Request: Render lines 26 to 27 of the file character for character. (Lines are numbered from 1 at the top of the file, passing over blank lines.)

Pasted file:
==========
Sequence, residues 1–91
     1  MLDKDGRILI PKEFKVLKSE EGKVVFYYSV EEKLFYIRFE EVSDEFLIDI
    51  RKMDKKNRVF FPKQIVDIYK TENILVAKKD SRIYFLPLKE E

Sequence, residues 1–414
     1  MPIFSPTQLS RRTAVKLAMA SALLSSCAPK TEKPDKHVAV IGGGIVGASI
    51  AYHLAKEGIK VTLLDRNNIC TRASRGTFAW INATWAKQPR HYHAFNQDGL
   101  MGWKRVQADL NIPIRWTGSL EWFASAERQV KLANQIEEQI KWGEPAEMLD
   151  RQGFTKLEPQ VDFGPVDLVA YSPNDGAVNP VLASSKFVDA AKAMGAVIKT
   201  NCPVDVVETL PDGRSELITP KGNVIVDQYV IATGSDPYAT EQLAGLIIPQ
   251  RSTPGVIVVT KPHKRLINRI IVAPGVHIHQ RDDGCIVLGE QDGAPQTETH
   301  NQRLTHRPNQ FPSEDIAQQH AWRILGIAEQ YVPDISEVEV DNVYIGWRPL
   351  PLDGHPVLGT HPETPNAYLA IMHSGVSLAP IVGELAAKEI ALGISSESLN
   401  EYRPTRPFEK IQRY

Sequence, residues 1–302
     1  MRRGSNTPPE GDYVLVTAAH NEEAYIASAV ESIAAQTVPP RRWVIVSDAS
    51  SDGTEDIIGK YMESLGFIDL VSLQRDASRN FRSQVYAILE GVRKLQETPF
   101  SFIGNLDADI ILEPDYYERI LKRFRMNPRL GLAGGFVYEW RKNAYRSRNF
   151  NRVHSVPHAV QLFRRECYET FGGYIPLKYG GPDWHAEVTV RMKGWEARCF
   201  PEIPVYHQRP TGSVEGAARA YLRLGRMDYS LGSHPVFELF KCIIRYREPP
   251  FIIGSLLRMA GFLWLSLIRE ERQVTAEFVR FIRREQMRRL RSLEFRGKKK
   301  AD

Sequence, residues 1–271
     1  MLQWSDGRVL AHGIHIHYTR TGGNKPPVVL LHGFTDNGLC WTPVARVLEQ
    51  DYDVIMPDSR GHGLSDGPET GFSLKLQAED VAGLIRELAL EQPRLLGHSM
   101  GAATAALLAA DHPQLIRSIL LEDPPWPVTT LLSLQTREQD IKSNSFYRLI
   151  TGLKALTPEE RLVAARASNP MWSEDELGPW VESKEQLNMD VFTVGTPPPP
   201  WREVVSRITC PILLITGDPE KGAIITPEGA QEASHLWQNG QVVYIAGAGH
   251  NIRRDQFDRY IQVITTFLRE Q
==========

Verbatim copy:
   151  TGLKALTPEE RLVAARASNP MWSEDELGPW VESKEQLNMD VFTVGTPPPP
   201  WREVVSRITC PILLITGDPE KGAIITPEGA QEASHLWQNG QVVYIAGAGH